Chenin Blanc – what’s not to love?
By Christian Eedes, 9 October 2018
“What’s your favourite wine?” If I’ve been asked this once, I’ve been asked it a thousand times and I’m never sure if they mean what is my most memorable bottle of all time or rather, my most often purchased, best-quality-relative-to-price label. Either way, I always wriggle out of answering by countering “What is your favourite movie?” Wine, like film, is surely a product of curiosity. Citizen Kane offers a vastly different cinematic experience to Star Wars but I’m glad I’ve seen both.
Compelled to undertake yet another Q&A interview recently, I was relieved to get a slight variation on the “favourite wine” riff: “Any specific wine or variety you’re raving about at the moment?” and I dissolved not to duck the question, at least not this time around. My reply was Chenin Blanc.
Because of its propensity towards stylistic diversity, Chenin Blanc is probably never going to enjoy the same commercial success as Sauvignon Blanc (which is so much easier to understand on account of its typically overt aromatics and generous fruit). By happy accident rather than good planning, however, Chenin is South Africa’s most widely planted variety (17 543ha or 18.5% of the national vineyard) and makes up the majority of old vines – for all intents and purposes it is our national grape.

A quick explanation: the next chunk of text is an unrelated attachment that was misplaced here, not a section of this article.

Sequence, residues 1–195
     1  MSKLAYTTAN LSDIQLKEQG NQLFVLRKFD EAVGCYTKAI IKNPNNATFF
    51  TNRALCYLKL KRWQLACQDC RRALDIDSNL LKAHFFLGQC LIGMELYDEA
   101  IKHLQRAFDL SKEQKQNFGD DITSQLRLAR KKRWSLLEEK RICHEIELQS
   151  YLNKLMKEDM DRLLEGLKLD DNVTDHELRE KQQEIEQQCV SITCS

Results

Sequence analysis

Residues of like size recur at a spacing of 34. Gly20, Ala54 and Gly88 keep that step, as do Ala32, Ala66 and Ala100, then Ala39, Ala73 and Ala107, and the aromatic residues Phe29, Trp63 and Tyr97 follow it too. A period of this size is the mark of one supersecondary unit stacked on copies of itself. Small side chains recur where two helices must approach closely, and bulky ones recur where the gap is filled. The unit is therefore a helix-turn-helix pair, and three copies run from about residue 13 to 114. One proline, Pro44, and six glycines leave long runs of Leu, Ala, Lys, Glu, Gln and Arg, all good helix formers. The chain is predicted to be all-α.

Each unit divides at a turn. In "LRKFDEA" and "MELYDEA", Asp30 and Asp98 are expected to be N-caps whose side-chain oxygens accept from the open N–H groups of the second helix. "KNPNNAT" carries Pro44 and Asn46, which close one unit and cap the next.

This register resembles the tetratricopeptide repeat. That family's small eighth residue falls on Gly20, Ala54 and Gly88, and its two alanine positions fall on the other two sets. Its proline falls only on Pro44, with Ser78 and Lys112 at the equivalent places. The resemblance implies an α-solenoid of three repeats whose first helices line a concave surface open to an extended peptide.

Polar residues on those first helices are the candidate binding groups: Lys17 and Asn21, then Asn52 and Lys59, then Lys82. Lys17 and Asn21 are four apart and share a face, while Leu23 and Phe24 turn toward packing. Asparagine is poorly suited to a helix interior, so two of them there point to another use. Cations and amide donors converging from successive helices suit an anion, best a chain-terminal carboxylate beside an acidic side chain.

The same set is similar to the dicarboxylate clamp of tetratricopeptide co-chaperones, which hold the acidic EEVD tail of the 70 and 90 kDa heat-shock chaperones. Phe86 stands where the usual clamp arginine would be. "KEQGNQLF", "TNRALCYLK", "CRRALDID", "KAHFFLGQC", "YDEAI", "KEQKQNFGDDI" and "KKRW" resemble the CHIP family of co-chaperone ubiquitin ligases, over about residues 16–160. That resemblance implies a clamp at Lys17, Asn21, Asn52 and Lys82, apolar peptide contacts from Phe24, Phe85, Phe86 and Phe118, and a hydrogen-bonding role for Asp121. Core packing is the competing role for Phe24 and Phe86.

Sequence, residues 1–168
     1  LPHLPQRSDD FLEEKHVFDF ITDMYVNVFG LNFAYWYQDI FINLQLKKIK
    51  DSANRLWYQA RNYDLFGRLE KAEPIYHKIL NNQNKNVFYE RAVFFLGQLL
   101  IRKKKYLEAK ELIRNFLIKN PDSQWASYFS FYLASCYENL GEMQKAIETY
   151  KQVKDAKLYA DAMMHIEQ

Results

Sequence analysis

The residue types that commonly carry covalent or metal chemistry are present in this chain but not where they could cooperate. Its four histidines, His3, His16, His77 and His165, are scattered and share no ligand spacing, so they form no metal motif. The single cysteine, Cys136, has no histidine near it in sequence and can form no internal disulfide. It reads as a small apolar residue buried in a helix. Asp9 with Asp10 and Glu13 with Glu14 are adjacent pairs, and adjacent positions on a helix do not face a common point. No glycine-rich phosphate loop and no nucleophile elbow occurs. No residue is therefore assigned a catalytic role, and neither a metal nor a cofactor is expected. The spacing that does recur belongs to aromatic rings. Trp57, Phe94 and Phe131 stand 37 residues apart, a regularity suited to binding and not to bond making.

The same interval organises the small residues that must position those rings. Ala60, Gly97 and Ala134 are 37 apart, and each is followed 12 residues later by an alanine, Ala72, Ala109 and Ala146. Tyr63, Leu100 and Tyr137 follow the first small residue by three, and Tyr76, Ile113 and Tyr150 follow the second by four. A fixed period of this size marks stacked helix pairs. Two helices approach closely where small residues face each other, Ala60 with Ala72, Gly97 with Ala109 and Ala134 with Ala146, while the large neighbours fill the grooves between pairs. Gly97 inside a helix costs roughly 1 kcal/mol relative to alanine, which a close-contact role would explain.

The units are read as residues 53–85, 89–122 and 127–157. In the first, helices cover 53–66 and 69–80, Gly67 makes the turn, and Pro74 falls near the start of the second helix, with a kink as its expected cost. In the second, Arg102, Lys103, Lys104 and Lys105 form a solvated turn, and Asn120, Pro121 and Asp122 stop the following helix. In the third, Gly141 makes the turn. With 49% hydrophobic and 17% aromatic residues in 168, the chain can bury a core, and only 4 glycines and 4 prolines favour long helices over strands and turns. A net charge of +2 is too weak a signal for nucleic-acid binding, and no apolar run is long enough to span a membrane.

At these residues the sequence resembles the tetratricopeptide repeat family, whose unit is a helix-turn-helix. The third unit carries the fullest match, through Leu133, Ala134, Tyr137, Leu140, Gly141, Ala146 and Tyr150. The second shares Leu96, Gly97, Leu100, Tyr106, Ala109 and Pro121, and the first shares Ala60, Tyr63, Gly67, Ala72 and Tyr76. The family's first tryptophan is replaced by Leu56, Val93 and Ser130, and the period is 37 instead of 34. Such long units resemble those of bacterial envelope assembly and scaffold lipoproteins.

What’s more, it seems to provide compelling renditions just about wherever it is grown. Stellenbosch and Swartland are well established as districts capable of excellence with this variety but there are great examples from all over the country from Bot River (Beaumont Hope Marguerite) to Montagu (Patatsfontein), from Durbanville (Spier 21 Gables) to Robertson (Arendsig and Mont Blois).
Chenin’s original home may be the Loire but it seems to have adapted exceptionally well to local conditions, so much so that it might be argued that South Africa is now the world epicentre for quality wines from this variety. At the very least, local Chenin now stands up in its own right rather than having to be compared to the Loire or anywhere else in order to assess its merit (Bordeaux and Napa still get referenced when it comes to local Cab, for instance).
The single-vineyard examples of Chenin Blanc from the likes of Alheit Vineyards, David & Nadia as well as Sadie Family Vineyards are justifiably being recognized as among the very best in the world but volumes are limited making them hard to come by. As for price, a London wine buyer will argue that they are still exceptionally cheap in world terms but some of these wines retail for well over R500 a bottle locally and that ain’t negligible for anybody earning rand…
The thing about Chenin, however, is that so many good examples pop up all the time and not all of them are out of reach financially. Earlier this year, Duwweltjie 2017 from Thistle & Weed selling for R185 a bottle rated 96 on this site while the Sur Lie 2017 from Laibach selling for R120 a bottle got the same score. If you want a real bargain, then consider Mulderbosch Steen op Hout 2017 which placed among the Standard Bank Chenin Blanc Top 10 Challenge winners and rated 91 here – it goes for the princely sum of R75 a bottle and I’m pretty damn sure you won’t find more drinking pleasure from any Chardonnay or Sauvignon Blanc at the same price.